As is the case with most exploratory spaceflight missions, Cassini, which has been orbiting Saturn since 2004, has entered the point in its voyage where it must pass Senior Review to continue to receive funding.
All current extended missions, including Cassini, are fully funded through the end of FY14. The worrisome issue, however, is that in FY15, a scheduled budget cut will coincide with Curiosity also needing funding to begin its extended missions on Mars.
“We have two very expensive flagship missions, Cassini and Curiosity,” said NASA’s planetary science director Jim Green. “So, this particular competition we’ll have to do very carefully.”+The Planetary Society recently outlined the proposed extended mission of Cassini.http://www.planetary.org/blogs/guest-blogs/van-kane/20131112_Cassini_extended_mission.htmlUp until November 2016, Cassini will have stayed well away from Saturn's rings (except during orbit insertion in 2004) because the risk of catastrophic collision with an ice particle or boulder would be too high. With the fuel almost exhausted, though, Cassini's managers want to bring it in close to the rings and Saturn itself. Twenty orbits would carry the spacecraft just outside the rings for close up observations of their structure and mass. (The latter measurements, for example, would help scientists determine how old the rings are.)Following these orbits, the spacecraft would slip into the gap between the inner most ring and the top of Saturn's atmosphere. From these 22 close-in orbits, the Cassini mission would essentially replicate the measurements that will be made at the same time by the Juno mission to Jupiter: detailed measurements of the interior of Saturn and of its atmosphere. As a bonus, scientists can make more detailed measurements of the rings. And for all of us who vicariously explore the solar system through these missions, think of how beautiful the images would be looking out at the rings and Saturn from just above the clouds.At the end of the mission, its fuel gone, Cassini would enter and burn up in Saturn's atmosphere, an end that would prevent it from accidentally impacting and contaminating Enceladus or Titan with micro-organisms from Earth.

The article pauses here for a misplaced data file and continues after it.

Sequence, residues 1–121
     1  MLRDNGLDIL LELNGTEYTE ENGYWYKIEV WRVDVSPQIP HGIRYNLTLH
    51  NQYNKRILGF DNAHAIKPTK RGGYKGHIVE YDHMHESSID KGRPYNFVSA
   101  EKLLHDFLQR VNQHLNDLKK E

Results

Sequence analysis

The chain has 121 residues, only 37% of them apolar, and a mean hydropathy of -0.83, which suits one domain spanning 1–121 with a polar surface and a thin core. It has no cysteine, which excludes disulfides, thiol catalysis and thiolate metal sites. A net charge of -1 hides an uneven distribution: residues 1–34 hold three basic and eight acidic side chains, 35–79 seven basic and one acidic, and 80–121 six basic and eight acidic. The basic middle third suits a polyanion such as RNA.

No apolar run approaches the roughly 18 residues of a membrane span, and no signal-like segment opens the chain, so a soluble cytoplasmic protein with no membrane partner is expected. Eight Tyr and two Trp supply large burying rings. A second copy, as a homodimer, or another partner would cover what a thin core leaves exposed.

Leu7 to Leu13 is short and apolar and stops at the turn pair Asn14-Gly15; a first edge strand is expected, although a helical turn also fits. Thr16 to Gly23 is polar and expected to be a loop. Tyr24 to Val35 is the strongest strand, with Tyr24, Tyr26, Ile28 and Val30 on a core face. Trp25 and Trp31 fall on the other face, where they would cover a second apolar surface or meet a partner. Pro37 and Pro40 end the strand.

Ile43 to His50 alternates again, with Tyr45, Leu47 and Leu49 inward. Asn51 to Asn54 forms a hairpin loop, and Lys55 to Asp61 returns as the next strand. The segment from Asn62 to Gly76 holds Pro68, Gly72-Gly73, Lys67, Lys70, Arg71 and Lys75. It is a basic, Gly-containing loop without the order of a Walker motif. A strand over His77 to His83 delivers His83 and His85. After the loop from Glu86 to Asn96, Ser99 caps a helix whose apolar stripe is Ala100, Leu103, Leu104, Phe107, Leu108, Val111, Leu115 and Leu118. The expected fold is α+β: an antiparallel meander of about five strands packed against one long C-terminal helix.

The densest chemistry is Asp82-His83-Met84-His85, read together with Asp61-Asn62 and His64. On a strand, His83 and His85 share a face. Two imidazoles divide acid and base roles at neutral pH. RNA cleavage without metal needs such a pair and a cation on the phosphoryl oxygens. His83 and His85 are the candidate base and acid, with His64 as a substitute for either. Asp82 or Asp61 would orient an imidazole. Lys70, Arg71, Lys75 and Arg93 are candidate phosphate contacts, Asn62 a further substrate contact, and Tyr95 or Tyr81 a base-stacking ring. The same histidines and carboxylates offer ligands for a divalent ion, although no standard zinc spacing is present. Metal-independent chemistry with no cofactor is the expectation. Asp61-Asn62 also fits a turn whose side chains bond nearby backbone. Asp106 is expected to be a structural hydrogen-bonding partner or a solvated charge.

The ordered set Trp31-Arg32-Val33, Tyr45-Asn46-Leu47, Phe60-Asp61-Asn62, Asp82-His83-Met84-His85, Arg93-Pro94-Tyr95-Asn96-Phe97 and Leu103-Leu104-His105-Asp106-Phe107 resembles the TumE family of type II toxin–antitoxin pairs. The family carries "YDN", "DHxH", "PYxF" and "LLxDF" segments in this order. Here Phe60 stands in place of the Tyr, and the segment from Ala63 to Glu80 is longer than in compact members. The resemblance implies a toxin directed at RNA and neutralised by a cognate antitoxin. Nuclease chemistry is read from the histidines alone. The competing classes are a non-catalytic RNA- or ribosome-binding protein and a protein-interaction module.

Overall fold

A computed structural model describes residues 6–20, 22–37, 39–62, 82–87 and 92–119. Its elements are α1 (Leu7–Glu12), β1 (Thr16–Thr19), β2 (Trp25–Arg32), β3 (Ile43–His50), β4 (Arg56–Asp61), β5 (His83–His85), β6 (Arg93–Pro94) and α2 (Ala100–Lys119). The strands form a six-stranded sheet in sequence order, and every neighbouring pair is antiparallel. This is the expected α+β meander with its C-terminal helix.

In a relatively short time, Cassini has been greatly beneficial towards our understanding of Saturn, its moons, and its magnificent ring system. Express your desire to see Cassini complete the final legs of its journey to study the atmosphere of Saturn with a Penny4NASA.http://www.penny4nasa.org/take-action #NASA #Penny4NASA #Cassini #Saturn